How Handel played the markets

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I am a bit old now for scoops, but I seem to have run into one the other day, deep behind the scenes at the Bank of England.

BBC Radio 3 asked me to take part in the extensive commemoration of the 250th anniversary of the death of the great Anglo-German composer, George Frideric Handel.

They wanted to know about Handel's money and how he made it, ending up with a fortune (maybe £3m in today's money) in financial times no less tumultuous than our own day.

Interesting, and a programme rather different from my normal output on In Business and Global Business.

For one thing, no carbon footprint was required. All the locations were within bicycling distance for me and the producer Paul Frankl. I naturally agreed.

There is, of course, a torrent of wonderful music, but really rather few recollections of Handel the person.

Born in Germany, he ended up spending most of his life in London after his employer in Hanover became George I in 1714.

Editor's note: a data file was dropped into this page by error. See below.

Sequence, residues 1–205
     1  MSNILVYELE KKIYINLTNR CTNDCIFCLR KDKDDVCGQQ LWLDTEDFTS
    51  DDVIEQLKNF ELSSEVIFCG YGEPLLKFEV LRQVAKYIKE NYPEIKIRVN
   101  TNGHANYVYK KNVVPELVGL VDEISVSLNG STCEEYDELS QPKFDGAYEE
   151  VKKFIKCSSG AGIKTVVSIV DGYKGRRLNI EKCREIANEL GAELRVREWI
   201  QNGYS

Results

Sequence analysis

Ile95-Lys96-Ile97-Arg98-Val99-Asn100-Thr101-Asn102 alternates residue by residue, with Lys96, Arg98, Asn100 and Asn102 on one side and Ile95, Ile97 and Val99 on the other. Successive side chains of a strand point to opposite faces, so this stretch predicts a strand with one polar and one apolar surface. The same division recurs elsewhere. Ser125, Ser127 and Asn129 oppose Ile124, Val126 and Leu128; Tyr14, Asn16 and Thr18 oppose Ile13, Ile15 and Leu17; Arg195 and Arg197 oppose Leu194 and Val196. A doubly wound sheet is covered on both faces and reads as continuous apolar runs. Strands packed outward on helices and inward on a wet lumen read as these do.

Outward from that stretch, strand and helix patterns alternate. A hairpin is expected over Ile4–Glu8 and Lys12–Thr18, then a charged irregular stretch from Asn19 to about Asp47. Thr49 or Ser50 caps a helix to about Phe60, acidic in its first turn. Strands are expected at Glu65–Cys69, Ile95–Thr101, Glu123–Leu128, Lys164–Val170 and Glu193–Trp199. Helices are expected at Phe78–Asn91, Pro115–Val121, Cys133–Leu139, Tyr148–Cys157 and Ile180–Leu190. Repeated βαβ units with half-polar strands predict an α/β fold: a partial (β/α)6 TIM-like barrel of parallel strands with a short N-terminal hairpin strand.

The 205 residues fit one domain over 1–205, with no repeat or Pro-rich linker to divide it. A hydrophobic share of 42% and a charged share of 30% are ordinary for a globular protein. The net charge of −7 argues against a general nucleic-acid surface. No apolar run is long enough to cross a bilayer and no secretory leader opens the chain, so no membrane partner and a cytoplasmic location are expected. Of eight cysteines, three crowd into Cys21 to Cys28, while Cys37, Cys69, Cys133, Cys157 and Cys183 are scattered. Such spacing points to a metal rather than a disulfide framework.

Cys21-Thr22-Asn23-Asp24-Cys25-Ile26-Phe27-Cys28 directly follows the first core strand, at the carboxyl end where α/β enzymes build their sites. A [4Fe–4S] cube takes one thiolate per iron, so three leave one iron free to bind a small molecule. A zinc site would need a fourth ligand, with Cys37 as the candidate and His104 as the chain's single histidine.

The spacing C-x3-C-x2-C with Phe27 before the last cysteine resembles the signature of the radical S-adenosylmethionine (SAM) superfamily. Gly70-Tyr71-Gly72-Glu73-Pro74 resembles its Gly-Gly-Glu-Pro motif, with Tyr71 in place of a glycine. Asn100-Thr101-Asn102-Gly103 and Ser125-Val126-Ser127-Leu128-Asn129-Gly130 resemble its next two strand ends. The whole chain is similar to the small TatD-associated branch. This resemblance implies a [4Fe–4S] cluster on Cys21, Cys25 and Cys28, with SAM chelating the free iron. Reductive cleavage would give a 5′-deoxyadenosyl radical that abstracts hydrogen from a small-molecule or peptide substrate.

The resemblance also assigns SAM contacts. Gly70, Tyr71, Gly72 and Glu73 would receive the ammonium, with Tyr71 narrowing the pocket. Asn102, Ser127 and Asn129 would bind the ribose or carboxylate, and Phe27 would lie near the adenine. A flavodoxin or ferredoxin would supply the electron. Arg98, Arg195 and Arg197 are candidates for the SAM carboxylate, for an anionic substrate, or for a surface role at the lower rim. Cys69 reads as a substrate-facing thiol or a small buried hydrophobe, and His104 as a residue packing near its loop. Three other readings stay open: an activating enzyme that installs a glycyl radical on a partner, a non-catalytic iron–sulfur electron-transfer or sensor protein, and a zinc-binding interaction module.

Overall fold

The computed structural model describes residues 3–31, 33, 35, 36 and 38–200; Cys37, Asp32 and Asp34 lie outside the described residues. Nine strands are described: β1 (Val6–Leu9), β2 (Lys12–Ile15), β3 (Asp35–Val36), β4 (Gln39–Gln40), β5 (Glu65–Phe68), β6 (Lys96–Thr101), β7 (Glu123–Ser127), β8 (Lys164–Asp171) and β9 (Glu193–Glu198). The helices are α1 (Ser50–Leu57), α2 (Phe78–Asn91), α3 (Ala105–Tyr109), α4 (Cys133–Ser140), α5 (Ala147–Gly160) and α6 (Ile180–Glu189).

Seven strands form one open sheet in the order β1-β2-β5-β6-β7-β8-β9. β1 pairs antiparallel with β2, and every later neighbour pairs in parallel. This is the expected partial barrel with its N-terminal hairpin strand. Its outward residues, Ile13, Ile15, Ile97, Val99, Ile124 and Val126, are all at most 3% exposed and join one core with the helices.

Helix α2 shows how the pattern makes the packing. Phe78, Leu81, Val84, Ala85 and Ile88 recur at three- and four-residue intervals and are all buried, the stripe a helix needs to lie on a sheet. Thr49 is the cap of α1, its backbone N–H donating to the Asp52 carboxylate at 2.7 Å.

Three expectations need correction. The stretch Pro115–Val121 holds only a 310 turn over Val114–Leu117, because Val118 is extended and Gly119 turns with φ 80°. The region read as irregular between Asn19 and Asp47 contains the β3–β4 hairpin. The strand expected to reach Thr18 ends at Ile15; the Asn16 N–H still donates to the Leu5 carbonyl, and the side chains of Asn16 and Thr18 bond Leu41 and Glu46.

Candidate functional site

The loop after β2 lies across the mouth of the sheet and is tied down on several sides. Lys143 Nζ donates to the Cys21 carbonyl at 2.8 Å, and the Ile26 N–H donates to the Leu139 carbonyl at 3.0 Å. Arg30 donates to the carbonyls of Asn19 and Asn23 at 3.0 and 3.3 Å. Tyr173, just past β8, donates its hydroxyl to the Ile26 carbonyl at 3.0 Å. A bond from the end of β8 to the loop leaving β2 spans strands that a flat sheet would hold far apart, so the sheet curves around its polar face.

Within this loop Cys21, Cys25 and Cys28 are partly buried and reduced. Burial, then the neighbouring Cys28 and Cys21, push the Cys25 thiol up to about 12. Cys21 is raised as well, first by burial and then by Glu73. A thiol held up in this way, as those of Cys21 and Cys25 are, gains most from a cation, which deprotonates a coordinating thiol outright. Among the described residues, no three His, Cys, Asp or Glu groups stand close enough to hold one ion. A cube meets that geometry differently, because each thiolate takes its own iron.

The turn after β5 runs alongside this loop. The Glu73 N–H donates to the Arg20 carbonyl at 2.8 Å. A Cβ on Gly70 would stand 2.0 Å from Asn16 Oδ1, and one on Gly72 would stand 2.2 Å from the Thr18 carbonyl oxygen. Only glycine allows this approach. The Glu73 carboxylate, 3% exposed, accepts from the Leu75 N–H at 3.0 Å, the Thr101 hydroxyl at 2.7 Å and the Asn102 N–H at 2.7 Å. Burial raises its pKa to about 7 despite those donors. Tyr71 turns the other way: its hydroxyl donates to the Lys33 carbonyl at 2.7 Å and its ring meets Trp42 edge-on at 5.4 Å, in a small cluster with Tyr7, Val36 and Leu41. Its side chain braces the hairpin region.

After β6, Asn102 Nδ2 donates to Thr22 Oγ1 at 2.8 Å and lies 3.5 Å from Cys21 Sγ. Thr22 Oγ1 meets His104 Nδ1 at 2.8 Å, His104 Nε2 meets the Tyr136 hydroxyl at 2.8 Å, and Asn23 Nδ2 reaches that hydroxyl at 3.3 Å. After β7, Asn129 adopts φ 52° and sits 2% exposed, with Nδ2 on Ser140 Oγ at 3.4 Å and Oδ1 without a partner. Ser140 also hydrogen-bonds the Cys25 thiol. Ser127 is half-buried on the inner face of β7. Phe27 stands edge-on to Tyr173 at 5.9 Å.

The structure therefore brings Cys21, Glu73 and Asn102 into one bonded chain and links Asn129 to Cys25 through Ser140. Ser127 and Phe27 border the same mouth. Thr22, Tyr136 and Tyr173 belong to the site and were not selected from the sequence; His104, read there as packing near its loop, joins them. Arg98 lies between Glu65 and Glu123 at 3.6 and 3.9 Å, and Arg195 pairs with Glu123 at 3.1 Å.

And there is a tantalising suggestion by Handel's biographer, Jonathan Keates, that he may have come to London in 1710 and settled in 1712 to spy out the land for the eventual Hanoverian successor to Queen Anne.


But delved into, the money story is a fascinating one. Handel seems to have been among the very first modern musicians not to rely on patronage of court or cathedral for his main income.

Instead, he was an entrepreneurial promoter, risking his own money on operas and oratorios. His fortunes waxed and waned with the popularity of the genres and the fashions of the time.

Eventually, oratorios made him a rich man. But he also did quite a lot of investing, and some records survive of his investments in the newly emerging financial markets...

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